Crystallographic structure determination of B10 mutants of Vitreoscilla hemoglobin: role of Tyr29 (B10) in the structure of the ligand-binding site.Ratakonda, S., Anand, A., Dikshit, K., Stark, B.C., Howard, A.J.
(2013) Acta Crystallogr.,Sect.F 69: 215-222
- PubMed: 23519792
- DOI: 10.1107/S1744309112044818
- Primary Citation of Related Structures:
- PubMed Abstract:
Site-directed mutants of the gene encoding wild-type Vitreoscilla hemoglobin were made that changed Tyr29 (B10) of the wild-type Vitreoscilla hemoglobin (VHb) to either Phe or Ala. The wild-type and the two mutant hemoglobins were expressed in Escher ...
Site-directed mutants of the gene encoding wild-type Vitreoscilla hemoglobin were made that changed Tyr29 (B10) of the wild-type Vitreoscilla hemoglobin (VHb) to either Phe or Ala. The wild-type and the two mutant hemoglobins were expressed in Escherichia coli and purified to homogeneity. The binding of the two mutants to CO was essentially identical to that of wild-type VHb as determined by CO-difference spectra. Circular-dichroism spectra also showed the two mutants to be essentially the same as wild-type VHb regarding overall helicity. All three VHbs were crystallized and their structures were determined at resolutions of 1.7-1.9 Å, which are similar to that of the original wild-type structure determination. The Tyr29Phe mutant has a structure that is essentially indistinguishable from that of the wild type. However, the structure of the Tyr29Ala mutant has significant differences from that of the wild type. In addition, for the Tyr29Ala mutant it was possible to determine the positions of most of the residues in the D region, which was disordered in the originally reported structure of wild-type VHb as well as in the wild-type VHb structure reported here. In the Tyr29Ala mutant, the five-membered ring of proline E8 (Pro54) occupies the space occupied by the aromatic ring of Tyr29 in the wild-type structure. These results are discussed in the context of the proposed role of Tyr29 in the structure of the oxygen-binding pocket.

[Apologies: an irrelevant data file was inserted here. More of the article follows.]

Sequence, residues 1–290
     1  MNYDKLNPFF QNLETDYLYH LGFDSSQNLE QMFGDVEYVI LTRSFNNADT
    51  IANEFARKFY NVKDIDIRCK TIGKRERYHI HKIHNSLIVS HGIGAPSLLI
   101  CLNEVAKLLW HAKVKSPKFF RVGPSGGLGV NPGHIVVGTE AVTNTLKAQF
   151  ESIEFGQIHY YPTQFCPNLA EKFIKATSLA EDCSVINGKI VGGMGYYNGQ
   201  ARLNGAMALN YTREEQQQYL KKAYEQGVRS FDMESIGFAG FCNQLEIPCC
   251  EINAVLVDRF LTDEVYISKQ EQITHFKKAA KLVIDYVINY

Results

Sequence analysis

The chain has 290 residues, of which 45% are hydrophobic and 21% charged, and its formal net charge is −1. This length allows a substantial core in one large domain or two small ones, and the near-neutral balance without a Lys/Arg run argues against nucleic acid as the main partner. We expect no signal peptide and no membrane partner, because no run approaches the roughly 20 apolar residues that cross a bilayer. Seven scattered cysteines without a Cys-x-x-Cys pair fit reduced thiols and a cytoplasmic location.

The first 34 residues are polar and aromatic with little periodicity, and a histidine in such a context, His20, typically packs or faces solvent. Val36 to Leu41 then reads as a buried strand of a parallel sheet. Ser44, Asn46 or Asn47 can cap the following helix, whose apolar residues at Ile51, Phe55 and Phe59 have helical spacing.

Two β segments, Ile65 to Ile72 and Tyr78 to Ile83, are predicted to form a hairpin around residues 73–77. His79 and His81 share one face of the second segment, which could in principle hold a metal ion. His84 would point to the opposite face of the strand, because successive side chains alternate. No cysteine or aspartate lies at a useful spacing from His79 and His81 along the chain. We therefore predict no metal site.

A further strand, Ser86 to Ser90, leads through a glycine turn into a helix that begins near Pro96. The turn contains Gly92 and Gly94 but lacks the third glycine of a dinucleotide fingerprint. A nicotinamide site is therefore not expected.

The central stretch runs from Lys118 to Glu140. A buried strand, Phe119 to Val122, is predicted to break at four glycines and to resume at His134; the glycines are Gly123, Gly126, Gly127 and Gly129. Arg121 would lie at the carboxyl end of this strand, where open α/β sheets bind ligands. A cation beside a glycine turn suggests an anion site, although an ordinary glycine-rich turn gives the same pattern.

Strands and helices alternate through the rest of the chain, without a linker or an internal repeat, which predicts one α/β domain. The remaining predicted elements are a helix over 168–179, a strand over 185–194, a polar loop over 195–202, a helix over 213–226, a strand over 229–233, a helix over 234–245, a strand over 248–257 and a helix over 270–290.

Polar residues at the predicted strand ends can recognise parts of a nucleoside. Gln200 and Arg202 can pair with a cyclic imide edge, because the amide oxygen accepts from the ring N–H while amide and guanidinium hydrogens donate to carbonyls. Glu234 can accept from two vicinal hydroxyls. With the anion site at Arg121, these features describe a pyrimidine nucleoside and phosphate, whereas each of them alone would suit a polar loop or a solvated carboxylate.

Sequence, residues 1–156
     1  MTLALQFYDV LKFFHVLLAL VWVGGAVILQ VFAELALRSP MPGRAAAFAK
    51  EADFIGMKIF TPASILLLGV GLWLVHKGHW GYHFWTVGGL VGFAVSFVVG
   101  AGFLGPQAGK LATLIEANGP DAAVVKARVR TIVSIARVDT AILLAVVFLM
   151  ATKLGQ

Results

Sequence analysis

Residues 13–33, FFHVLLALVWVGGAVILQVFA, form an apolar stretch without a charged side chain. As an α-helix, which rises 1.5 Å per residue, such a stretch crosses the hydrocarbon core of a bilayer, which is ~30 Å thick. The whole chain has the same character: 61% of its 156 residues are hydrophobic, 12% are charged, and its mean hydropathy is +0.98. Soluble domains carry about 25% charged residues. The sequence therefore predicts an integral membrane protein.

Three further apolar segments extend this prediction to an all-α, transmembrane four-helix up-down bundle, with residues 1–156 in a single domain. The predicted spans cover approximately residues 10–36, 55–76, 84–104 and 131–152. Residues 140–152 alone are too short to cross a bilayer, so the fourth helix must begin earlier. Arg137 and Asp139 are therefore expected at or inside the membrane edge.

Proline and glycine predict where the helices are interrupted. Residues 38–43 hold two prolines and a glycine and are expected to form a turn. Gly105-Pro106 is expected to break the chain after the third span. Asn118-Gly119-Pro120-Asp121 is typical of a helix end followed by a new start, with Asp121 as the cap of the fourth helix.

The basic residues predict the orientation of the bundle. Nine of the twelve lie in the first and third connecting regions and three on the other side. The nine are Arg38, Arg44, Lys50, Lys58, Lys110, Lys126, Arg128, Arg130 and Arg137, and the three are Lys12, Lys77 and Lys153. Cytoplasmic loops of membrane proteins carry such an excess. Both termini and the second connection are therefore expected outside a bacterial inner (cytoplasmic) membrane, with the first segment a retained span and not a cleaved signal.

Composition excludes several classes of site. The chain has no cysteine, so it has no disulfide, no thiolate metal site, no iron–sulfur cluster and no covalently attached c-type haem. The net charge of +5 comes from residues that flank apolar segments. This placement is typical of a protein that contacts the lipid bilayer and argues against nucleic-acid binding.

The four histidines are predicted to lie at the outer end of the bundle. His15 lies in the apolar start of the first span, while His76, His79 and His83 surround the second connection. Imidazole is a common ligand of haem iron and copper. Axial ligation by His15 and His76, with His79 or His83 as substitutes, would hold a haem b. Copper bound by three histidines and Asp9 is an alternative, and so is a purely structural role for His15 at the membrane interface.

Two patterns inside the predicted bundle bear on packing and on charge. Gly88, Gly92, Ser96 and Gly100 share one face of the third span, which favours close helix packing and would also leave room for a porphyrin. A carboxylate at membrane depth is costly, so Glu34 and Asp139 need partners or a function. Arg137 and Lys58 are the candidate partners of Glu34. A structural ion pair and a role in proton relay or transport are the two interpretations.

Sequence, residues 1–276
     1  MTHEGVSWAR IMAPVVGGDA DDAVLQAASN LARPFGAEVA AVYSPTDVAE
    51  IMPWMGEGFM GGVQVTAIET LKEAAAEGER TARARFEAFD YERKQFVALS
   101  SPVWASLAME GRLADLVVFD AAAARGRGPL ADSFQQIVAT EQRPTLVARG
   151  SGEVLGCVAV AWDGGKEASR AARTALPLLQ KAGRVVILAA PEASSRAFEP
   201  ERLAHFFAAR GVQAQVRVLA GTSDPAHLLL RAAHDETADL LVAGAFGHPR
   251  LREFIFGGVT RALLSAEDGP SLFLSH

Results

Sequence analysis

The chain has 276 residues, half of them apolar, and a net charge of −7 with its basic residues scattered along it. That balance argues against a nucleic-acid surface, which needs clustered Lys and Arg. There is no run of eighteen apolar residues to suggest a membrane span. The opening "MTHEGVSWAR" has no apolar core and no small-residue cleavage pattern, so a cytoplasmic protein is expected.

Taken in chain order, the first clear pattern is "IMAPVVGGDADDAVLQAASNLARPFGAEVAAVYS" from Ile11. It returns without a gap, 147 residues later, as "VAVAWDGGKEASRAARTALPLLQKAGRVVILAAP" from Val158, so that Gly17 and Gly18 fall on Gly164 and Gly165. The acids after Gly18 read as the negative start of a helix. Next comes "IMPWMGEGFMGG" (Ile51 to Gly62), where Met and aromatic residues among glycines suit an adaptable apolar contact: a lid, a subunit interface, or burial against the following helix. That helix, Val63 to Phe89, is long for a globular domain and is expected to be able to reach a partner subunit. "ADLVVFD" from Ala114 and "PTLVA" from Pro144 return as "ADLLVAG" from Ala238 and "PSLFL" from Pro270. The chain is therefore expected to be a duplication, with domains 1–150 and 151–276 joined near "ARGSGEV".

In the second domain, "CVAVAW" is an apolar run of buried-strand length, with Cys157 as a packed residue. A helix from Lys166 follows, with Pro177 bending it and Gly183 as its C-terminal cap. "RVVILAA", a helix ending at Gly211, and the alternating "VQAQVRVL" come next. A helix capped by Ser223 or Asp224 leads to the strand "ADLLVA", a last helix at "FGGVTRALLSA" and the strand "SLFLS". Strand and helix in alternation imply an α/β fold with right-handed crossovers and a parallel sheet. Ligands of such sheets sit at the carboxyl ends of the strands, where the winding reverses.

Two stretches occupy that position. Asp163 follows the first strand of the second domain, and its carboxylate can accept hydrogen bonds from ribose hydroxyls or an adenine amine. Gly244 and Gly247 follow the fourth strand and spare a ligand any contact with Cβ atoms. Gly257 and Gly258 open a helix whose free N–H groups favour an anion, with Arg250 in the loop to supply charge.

Biology Division, Department of Biological and Chemical Sciences, Illinois Institute of Technology, Chicago, IL 60616, USA.